As Lutherans I’m sure they observed a “holy Lent” and read frequently from the Bible. They enjoyed rich discussions involving theology, the world and how Christians should put faith into action. I’m also sure they argued as well (because we all do)—even Mary and Martha in the oft-told story of Jesus visiting their home for a meal when Martha was all a flutter with meal prep. Mary, however, relished sitting at the feet of Jesus to hear his teachings and stories.

This past Sunday was “Children’s Sunday” at my daughter’s church, and we enjoyed a short children’s musical of the Mary and Martha story, ending with this reminder which is good for all of us as we find time to meditate this Lent: “Martha, Martha, you are worried and upset about many things, but only one thing is needed. Mary has chosen what is better, and it will not be taken away.” (Luke 10:41-42).

***

These Lenten Conversations will be available as a free small booklet (PDF portable document format) right before Easter. You will be able to download it, or if you don’t go online, send your name, address, and two U.S. postage stamps and I’ll send a copy. Send to anotherwaymedia@yahoo.com or Another Way Media,  Box 363 , Singers Glen,  Va. 22850.

Another Way is a column by Melodie Davis, in syndication since 1987. Another Way columns are posted at FindingHarmonyBlog.com a week after newspaper publication.  

 

 

 

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8 Comments
  1. singinglady37 permalink

    I am enjoying this series very much Thank you Melodie

    • Caro Claire–glad you figured out what you needed to do to send your comments through again. Very much appreciated! And I’m doubly glad to hear from those enjoying the series. Blessings to you and I hope you have a wonderful weekend. We’re expecting our biggest snow of the season–which isn’t saying much, 7-9 inches, but still! Take care.

      • singinglady37 permalink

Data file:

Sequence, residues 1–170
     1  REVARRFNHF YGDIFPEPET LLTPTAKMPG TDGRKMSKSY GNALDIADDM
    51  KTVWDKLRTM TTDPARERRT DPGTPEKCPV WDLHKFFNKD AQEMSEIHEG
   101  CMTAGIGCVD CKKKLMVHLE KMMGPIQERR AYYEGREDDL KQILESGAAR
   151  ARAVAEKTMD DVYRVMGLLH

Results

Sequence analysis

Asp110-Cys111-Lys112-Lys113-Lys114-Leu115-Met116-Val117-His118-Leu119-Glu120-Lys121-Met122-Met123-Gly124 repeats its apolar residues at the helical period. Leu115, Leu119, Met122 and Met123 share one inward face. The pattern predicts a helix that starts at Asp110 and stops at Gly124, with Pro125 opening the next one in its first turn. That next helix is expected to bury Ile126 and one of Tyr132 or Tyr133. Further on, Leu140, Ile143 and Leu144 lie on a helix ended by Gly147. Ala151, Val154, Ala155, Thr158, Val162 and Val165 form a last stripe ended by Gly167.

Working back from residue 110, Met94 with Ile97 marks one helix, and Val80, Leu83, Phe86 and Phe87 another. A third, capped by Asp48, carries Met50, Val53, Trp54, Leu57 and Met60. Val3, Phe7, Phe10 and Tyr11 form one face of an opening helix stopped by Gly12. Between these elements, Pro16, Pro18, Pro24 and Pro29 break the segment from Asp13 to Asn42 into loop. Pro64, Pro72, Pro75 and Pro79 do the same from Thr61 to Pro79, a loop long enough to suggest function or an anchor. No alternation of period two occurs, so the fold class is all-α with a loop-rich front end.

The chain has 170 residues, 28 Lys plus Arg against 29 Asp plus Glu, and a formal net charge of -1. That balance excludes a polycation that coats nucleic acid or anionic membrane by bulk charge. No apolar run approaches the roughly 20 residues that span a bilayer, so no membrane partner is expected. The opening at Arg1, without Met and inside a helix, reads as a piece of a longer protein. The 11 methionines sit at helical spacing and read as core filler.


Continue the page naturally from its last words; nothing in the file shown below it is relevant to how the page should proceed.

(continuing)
Yes I was having trouble with responding recently and I was pleasantly surprised when it went right through here to day!
        Also I have been terribly backed up on my mail recently with being sick and also trying to get some much need work done on my photo projects which are also way behind!
        We are still getting snow here as well . Even yesterday we got another blast of winter and i was disappointed not to be able to go to an out of town bridal shower for a long time friend. Not worth taking the chances though .
        We have had the most snow this winter since we moved here five years ago.
        Keep well XO

  2. You have churned out another good one, Melodie. Educational and entertaining too. I’m glad Dr. Marty flauts age bias.

    • I’m never sure whether “churned” is a compliment or not. But you add “good” “educational” and “entertaining” to the feeling of drudgery that accompanies my interpretation of churning. 🙂 Or perhaps you infer my turn out is prolific. Right now, after 2 days of trying to collect all the paperwork for our taxes (including my business expenses etc.) I’m feeling a little churned out. 🙂 Thanks for peeping in, Marian. P.S. Did you know many Mennonites descended on Jacksonsville this week for Mennonite Health Assembly & some affiliated meetings??

      • My verb choice may not have been the best but churn can result in sweet butter or in a fitting tribute in this case. No, I did not know about the Mennonite Health Assembly in Jacksonville. We can offer them beautiful weather – today in the 70s. Best wishes on your taxes.

  3. Melodie, what a wonderful opportunity for you to visit with one of the great Christian thinkers of our time. I liked the description of his countenance: “he always seems to be smiling as if keeping a
    secret joke.” The Nebraska childhood and the family camping trips must have left deep impressions on Marty and on his many children. I think I must agree, however, that he had a saintly wife. 🙂

  4. It was a special day indeed–such a sharp mind and gracious spirit. I’m happy to hear your comment, especially emerging from your self-imposed Lenten blogging fast.

    We (my growing up family) did not go camping each year like the Martys but hit about 28 or so states in one six-week camping expedition out west–and like you, I newly appreciate the stamina and vigor of my saintly mother! The most we managed in terms of camping with our own three daughters were a few weekends in nearby campgrounds or state parks. 🙂